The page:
July 8, 2006


U.S. and Russia to Enter Civilian Nuclear Pact: Bush Reverses Long-Standing Policy, Allows Agreement That May Provide Leverage on Iran (Peter Baker, July 8, 2006, Washington Post)

President Bush has decided to permit extensive U.S. civilian nuclear cooperation with Russia for the first time, administration officials said yesterday, reversing decades of bipartisan policy in a move that would be worth billions of dollars to Moscow but could provoke an uproar in Congress.

Bush resisted such a move for years, insisting that Russia first stop building a nuclear power station for Iran near the Persian Gulf. But U.S. officials have shifted their view of Russia's collaboration with Iran and concluded that President Vladimir Putin has become a more constructive partner in trying to pressure Tehran to give up any aspirations for nuclear weapons. [...]

A nuclear cooperation agreement would clear the way for Russia to import and store thousands of tons of spent nuclear fuel from U.S.-supplied reactors around the world, a lucrative business so far blocked by Washington. It could be used as an incentive to win more Russian cooperation on Iran. And it would be critical to Bush's plan to spread civilian nuclear energy to power-hungry countries because Russia would provide a place to send the used radioactive material.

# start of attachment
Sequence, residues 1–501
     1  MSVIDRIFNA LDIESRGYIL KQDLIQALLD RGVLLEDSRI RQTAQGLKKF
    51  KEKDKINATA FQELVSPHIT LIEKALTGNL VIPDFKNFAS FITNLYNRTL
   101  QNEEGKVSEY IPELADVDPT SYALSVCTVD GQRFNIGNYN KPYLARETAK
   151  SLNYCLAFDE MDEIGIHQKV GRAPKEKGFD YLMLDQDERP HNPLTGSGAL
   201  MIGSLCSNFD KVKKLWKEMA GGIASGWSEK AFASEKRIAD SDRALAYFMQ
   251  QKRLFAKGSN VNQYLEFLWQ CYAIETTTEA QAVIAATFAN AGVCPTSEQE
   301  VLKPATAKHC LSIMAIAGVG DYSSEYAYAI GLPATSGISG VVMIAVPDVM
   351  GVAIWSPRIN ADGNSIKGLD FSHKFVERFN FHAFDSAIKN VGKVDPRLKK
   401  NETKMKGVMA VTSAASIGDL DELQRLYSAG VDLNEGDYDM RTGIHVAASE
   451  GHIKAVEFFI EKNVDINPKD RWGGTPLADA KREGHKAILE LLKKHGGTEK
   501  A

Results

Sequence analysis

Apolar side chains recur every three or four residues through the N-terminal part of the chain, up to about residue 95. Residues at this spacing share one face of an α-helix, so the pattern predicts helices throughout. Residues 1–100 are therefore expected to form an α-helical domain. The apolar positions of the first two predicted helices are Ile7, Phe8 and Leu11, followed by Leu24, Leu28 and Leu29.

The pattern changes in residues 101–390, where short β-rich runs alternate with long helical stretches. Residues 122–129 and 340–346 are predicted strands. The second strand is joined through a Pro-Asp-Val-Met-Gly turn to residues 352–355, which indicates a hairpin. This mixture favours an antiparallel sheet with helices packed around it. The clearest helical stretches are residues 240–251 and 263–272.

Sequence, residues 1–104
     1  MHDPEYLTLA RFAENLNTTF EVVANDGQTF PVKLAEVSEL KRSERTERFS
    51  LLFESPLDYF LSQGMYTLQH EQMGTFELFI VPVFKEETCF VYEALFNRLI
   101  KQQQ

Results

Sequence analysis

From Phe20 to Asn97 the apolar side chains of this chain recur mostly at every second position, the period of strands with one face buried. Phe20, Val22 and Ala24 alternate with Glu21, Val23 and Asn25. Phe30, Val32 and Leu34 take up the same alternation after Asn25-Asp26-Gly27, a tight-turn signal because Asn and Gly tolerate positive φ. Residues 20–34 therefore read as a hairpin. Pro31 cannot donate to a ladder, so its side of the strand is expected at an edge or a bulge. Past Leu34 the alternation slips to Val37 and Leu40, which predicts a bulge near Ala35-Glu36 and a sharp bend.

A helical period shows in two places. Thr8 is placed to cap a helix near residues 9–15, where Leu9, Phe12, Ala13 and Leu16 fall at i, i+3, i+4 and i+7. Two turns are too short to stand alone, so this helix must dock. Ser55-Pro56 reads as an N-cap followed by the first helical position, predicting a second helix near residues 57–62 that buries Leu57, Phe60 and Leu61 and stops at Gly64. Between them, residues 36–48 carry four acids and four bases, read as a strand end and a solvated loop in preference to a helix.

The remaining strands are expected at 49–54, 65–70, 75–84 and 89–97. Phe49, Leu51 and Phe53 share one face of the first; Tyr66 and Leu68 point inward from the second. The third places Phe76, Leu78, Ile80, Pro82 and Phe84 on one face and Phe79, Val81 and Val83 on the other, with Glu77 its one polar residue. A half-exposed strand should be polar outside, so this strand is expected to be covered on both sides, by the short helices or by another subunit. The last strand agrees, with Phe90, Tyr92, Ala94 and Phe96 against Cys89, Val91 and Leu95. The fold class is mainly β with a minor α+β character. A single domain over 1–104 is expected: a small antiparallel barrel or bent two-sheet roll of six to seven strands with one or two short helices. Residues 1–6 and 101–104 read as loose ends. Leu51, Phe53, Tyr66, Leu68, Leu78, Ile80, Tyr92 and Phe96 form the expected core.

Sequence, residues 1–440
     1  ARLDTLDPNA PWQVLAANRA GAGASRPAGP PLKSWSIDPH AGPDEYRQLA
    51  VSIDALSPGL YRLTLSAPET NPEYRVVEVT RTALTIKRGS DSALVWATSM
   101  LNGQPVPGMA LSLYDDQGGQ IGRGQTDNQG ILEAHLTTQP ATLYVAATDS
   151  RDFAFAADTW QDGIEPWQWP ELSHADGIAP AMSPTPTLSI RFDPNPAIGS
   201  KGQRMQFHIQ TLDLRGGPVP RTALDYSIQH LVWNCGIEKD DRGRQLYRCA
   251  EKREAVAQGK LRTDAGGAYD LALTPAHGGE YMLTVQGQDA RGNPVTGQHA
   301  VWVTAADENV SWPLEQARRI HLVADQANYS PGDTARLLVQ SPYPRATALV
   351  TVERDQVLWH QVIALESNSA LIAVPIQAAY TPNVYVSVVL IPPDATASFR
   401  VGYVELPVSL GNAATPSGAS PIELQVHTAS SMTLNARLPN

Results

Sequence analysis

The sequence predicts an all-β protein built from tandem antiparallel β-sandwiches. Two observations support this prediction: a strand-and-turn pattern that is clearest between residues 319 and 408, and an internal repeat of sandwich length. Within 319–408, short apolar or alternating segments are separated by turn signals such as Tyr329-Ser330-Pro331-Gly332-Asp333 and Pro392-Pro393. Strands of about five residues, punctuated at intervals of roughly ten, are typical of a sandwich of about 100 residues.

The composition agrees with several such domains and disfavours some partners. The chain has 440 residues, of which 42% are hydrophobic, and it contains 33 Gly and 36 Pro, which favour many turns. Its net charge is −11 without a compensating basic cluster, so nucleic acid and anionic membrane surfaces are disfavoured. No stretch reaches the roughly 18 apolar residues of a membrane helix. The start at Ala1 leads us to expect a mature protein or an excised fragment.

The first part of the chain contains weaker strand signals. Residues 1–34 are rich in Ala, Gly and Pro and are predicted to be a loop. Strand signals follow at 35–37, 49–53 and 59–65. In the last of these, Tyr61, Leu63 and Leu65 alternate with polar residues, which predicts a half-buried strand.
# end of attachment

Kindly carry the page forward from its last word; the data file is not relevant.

U.S.-Russia Energy Treaty On Horizon (AP, 7/08/06)

Russian President Vladimir Putin and U.S. President George W. Bush are expected to make progress at next week's meeting toward an agreement on civilian nuclear power, a Western official and analysts said.

The two leaders have been promoting nuclear energy as a clean alternative and made similar proposals earlier this year on providing nuclear power to developing countries while building in safeguards for nonproliferation.

"I think it is possible you're going to see further discussion of how to advance that cooperation" at the presidents' meeting on the eve of the Group of Eight summit that starts Saturday in St. Petersburg, a Western diplomat said Friday, speaking on condition of anonymity.

Posted by Orrin Judd at July 8, 2006 7:53 AM

Why don't the Russians just sell us Siberia like they did Alaska? It's not like they need it.

Posted by: Patrick H at July 8, 2006 11:38 AM

Brilliant! Since we can't get Congress to approve a nuclear waste facility, instead we can ship it all to Russia.

Posted by: jd watson [TypeKey Profile Page] at July 8, 2006 12:27 PM